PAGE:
Well, I am certainly overwhelmed and excited about all the new technologies we can use in future classrooms. We didn’t have these things when I was young growing up, and in our schools in K-12, we never had the advantages that kids have these days. With iPads and other tablet computers the kids can have all the world’s information at their fingertips, not just what’s written in a heavy textbook. Do you see that point? Indeed, I imagine technology in the classroom will change the way our children learn, and with all this new interactivity they will learn faster, and with better retention. Okay so let’s talk about this for second shall we?
You see, over the years I’ve been writing on the advances and the future of education. I’ve joined a number of discussion groups, gone to seminars, and enjoyed online education professional social media. No, I am not a teacher by trade, but I do realize that we can do better in our schools, especially since we spend more than any other nation per pupil. Even the more difficult subjects like mathematics will be easier to learn using these technologies. Perhaps like me, you have seen all the YouTube videos for the Kahn Academy online. They are free for anyone to view, and there are now over 2500 of them, mathematics videos explaining how to work complex equations, and even the basic stuff.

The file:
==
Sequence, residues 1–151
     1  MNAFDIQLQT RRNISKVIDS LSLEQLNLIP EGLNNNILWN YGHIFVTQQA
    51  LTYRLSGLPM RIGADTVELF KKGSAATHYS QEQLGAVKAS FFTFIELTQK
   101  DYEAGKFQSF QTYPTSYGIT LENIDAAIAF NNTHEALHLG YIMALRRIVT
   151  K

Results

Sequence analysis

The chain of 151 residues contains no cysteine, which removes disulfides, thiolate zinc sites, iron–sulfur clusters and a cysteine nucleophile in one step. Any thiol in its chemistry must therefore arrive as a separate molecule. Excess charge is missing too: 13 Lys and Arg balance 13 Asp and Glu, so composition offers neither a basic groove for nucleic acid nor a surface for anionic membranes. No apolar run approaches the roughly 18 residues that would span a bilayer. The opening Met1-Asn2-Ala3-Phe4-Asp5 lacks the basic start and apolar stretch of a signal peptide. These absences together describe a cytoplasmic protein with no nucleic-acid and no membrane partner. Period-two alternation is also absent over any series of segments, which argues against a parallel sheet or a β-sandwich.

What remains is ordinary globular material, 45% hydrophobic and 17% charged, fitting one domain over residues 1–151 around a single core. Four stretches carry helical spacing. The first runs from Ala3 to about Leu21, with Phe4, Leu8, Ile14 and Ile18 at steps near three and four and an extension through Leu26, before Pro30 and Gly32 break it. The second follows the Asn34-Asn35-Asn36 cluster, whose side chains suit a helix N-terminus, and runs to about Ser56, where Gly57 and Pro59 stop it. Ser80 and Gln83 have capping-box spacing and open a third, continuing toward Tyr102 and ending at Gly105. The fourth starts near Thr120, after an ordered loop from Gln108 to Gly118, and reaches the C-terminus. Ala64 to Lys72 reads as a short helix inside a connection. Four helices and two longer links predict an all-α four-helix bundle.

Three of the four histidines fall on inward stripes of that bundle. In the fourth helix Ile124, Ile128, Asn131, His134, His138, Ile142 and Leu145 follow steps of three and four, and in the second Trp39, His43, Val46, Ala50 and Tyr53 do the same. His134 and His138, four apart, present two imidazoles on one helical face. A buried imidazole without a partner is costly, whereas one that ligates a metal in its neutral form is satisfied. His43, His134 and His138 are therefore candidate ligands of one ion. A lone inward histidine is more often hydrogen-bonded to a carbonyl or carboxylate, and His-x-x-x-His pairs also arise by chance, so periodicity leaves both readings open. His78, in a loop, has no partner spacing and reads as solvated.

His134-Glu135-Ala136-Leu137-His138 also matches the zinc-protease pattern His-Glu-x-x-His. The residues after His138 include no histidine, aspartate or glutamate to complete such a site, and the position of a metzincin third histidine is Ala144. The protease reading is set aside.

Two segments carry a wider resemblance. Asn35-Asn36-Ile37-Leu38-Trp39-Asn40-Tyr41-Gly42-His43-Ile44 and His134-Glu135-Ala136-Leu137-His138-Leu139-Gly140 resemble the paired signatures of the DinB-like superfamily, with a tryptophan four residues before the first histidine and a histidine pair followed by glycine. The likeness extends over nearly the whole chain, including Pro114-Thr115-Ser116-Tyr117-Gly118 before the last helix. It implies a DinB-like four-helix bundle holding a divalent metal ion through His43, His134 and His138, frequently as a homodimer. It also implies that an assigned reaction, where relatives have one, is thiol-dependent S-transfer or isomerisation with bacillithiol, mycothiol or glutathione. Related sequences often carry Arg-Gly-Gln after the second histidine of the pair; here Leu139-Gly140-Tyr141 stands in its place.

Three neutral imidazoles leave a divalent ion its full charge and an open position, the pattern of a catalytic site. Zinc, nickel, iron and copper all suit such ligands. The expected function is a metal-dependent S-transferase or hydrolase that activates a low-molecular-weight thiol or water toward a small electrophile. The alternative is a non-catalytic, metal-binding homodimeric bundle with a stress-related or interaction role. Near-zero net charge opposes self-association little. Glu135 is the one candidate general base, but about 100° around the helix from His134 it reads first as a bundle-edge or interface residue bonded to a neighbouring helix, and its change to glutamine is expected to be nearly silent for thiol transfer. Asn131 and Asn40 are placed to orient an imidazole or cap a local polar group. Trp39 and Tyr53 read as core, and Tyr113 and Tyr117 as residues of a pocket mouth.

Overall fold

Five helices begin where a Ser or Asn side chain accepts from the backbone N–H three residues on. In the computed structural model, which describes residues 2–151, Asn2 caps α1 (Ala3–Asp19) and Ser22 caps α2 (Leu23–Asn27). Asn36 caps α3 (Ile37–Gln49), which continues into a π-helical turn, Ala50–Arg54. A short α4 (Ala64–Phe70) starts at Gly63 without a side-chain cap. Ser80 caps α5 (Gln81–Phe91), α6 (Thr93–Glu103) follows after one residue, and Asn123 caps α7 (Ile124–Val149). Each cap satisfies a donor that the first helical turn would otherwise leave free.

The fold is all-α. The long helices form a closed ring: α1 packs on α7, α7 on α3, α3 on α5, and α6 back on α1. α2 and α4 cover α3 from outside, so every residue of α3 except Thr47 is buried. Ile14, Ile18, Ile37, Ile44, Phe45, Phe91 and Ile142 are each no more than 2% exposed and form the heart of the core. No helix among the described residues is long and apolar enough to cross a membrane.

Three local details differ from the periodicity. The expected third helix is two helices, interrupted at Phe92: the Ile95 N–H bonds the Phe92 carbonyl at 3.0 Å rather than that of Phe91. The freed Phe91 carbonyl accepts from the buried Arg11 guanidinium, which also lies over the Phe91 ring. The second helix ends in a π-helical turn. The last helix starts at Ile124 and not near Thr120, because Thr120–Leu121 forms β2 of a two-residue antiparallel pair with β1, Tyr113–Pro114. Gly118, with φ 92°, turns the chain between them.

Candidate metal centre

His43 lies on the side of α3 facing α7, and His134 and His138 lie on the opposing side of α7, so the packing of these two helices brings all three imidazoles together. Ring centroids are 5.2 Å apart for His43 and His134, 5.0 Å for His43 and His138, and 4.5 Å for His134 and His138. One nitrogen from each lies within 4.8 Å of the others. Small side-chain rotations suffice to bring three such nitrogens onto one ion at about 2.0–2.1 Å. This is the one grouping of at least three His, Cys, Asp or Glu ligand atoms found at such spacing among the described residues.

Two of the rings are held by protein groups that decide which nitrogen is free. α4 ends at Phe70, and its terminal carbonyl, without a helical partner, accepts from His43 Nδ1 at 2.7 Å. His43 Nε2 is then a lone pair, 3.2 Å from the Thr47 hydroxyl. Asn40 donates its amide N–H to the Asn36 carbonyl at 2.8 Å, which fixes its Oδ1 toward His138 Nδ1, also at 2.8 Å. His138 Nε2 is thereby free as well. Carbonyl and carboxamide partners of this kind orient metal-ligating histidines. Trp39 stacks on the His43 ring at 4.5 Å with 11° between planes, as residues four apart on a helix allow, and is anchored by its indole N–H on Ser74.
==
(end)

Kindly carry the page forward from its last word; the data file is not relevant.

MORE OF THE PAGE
What if we can bring all that into the classroom under the supervision of teacher? Well, I think were about ready to do that as well, in fact, there was an interesting article in GizMag recently titled; “High-tech desks help kids do better at math,” by tech writer Ben Coxworth, posted on November 26, 2012 which stated;
“Mathematics has always been one of those subjects that poses a lot of difficulties for some young students. In the 3-year SynergyNet project conducted by Britain’s Durham University, however, it was found that something might help – multi-user multi-touch networked desks.”
This makes a lot of sense doesn’t it? Kids can work in groups, and practice doing the equations right on the tabletop. They can watch, and interact, learning all the way. The teacher can supervise, and allow the kids to work together in small groups socially on each table. This seems like a more intuitive way to learn, and it will be especially good for kids who are struggling with their math.